BMS, AstraZeneca Join Forces in $7B Combo Deal for Amylin Pharmaceuticals
By Catherine Shaffer
Bristol Myers Squibb Co., of New York, will realize operating synergies and tax benefits in addition to gaining access to Amylin Pharmaceuticals Inc.'s GLP-1 franchise, executives said in a Monday morning conference call regarding the pharma giant's acquisition of San Diego-based Amylin and partnership agreement with AstraZeneca plc.
"We believe there is leverage in offering a combination of our Onglyza, Amylin's GLP-1 franchise and potentially Forxiga," said Charles Banker, BMS' chief financial officer.
Forxiga (dapagliflozin) is an SGLT2 inhibitor that recently received a positive opinion from the European Committee for Medicinal Products for Human Use.
BMS and London-based AstraZeneca have teamed up to execute a uniquely structured takeover of diabetes firm Amylin for a total value of $7 billion. Amylin's assets include GLP-1 agonist Byetta (exenatide) and its extended-release equivalent Bydureon, lipodystrophy drug Metreleptin and Symlin (pramlintide acetate), and the company has been on the market for acquisition for some time. Rumors flew in March over a rebuffed takeover attempt by BMS, but neither company confirmed them publicly. This time around, BMS enlisted AstraZeneca as a partner in the transaction in order to offer a price that would satisfy Amylin's investors.
Under the merger agreement, BMS will purchase Amylin's stock for $31 dollars per share, for an aggregate price of $5.3 billion. Additionally, BMS will settle Amylin's obligation to Eli Lilly and Co. for another $1.7 billion.
Upon closing of the merger, AstraZeneca will come in as a partner on Amylin assets for $3.4 billion, sharing equally in profits and losses of those assets. AstraZeneca also has the option, for another $135 million, to gain equal strategic and financial decision-making authority related to those assets.
Amylin and Lilly broke up their decade-long partnership in November 2011 as a result of ongoing litigation over Lilly's marketing of Trajenta (linagliptin) with Boehringer Ingelheim GmbH using the same sales force that marketed Byetta and Bydureon.
The breakup put Amylin on the market for a new partner, and made it a very hot takeover prospect. BMS, AstraZeneca, Merck & Co. Inc., Takeda pharmaceutical Co. Ltd. and Roche AG were among the companies expected to take an interest based on compatible diabetes portfolios.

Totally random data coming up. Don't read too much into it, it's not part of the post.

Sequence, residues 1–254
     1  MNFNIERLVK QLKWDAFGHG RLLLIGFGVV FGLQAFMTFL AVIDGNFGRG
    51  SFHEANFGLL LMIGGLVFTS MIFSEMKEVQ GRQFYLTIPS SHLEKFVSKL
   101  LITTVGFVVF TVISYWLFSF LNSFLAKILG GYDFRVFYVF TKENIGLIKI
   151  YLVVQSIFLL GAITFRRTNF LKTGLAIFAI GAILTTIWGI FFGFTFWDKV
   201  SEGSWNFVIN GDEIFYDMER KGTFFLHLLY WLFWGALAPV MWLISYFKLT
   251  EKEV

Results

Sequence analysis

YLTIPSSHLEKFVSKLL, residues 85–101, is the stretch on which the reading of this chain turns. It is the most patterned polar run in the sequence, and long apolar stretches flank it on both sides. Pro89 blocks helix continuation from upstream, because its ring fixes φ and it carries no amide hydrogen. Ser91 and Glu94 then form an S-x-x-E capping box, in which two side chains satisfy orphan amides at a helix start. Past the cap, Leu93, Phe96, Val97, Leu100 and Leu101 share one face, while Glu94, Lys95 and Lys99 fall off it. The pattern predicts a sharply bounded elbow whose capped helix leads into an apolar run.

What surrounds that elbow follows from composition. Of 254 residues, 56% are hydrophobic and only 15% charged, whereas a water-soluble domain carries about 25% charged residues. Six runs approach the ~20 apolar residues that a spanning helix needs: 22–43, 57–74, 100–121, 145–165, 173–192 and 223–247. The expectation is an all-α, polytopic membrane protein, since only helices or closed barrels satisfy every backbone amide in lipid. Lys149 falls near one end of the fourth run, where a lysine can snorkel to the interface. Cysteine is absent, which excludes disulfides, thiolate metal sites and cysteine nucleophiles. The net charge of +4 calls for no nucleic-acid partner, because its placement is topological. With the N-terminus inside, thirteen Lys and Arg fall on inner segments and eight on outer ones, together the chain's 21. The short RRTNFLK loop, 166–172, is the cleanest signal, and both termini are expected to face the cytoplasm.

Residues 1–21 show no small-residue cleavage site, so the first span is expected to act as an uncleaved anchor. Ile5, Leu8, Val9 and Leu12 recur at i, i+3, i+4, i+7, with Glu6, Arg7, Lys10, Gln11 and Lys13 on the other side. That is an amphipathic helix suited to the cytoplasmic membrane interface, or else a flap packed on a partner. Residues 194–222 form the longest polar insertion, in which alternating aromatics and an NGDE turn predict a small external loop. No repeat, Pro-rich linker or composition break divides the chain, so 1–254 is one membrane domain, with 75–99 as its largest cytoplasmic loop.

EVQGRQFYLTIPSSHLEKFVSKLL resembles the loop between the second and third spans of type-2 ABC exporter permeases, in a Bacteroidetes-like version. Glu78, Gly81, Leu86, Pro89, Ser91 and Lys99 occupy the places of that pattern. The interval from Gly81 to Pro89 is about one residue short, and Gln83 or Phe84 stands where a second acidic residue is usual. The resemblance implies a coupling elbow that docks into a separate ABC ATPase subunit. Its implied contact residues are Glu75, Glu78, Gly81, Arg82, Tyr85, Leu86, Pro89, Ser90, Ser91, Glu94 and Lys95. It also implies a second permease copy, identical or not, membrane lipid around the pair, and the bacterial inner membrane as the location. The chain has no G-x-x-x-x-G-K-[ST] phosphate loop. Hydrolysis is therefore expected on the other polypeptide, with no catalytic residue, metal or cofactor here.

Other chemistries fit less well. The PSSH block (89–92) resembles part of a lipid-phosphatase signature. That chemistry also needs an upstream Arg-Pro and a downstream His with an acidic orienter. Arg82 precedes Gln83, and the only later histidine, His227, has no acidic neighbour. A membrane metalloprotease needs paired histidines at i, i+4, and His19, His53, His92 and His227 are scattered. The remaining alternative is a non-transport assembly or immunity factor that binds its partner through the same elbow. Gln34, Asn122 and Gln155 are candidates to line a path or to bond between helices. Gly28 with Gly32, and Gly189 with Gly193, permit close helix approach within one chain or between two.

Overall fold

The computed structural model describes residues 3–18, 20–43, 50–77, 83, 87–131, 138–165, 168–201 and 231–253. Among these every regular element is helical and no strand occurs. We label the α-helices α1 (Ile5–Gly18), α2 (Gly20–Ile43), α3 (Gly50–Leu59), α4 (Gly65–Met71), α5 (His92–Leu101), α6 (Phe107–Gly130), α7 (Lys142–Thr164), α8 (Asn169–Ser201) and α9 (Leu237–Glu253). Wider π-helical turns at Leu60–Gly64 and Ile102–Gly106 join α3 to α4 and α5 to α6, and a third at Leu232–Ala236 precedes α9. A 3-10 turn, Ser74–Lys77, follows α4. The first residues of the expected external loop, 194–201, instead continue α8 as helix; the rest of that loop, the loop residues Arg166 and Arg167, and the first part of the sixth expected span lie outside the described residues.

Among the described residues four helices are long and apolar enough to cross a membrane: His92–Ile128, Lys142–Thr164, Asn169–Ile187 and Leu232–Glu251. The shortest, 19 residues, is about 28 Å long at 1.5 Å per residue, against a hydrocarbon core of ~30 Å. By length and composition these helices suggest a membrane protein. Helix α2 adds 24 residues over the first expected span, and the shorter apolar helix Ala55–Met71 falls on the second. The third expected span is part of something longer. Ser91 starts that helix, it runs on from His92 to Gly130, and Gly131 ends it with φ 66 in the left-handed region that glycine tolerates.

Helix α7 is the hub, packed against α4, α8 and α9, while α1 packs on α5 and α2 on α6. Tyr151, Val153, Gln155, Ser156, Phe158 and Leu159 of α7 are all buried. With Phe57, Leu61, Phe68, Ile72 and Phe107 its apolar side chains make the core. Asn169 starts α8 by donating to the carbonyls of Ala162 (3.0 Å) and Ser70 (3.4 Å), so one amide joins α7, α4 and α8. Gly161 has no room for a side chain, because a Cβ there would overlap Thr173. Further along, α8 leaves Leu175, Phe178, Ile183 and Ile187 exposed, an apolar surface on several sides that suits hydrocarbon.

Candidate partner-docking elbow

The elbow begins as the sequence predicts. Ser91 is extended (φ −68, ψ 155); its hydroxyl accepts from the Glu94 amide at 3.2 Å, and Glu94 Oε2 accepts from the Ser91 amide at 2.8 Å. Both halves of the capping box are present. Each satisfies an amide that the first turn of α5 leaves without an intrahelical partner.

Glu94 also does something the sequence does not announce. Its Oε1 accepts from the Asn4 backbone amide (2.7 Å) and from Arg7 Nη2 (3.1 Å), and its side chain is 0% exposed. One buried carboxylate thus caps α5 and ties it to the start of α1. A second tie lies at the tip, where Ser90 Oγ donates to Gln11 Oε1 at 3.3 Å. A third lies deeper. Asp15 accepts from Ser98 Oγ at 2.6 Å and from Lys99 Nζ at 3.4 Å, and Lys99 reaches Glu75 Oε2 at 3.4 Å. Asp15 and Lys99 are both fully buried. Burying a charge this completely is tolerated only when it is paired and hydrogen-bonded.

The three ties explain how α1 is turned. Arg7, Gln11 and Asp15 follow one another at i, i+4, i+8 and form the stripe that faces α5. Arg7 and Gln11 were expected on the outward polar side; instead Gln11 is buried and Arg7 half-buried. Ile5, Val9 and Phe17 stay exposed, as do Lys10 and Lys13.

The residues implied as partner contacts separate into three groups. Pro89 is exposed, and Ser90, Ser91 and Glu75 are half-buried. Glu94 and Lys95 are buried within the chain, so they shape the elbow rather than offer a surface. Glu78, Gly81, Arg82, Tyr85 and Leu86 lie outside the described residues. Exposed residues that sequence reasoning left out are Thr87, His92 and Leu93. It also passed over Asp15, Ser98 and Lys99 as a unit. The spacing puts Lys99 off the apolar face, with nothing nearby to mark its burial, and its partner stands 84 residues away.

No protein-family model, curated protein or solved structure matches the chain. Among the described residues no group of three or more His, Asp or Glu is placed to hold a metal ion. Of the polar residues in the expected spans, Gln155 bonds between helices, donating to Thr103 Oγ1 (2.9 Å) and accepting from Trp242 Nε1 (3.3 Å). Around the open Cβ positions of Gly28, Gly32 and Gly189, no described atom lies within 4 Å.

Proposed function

Upon closing of the merger agreement, which is deemed a sure thing by market observers, and execution of the partnership, Amylin's assets will join AstraZeneca's DPP-4 inhibitor Onglyza (saxagliptin) in the new entity's combined diabetes portfolio.
Analysts have applauded the acquisition, hailing the potential multibillion dollar market for products like Bydureon. BMS' offer of $31 per share represents a 41 percent premium to its initial bid of $22, and a 95 percent premium over Amylin shares prior to that, raising expectations for additional mergers and big-dollar deals in the near term.
"We expect consolidation in the biotech space to continue to be driven by commercial or near commercial assets given the need for pharmaceutical companies to replace revenues lost to patent expiration," wrote Ian Somaiya, an analyst with Piper Jaffray, who pointed to Biomarin Pharmaceutical Inc., Affmayx Inc., Theravance Inc. and Rigel Pharmaceuticals Inc. as potential acquisition targets offering new products with high revenue potential.
However, whereas the market for GLP-1 agonists is large and growing, it is also an increasingly crowded market as new products and companies have entered. Victoza (liraglutide, Novo Nordisk A/S) is already on the market, along with Byetta and Bydureon. (See BioWorld Insight, June 18, 2012.)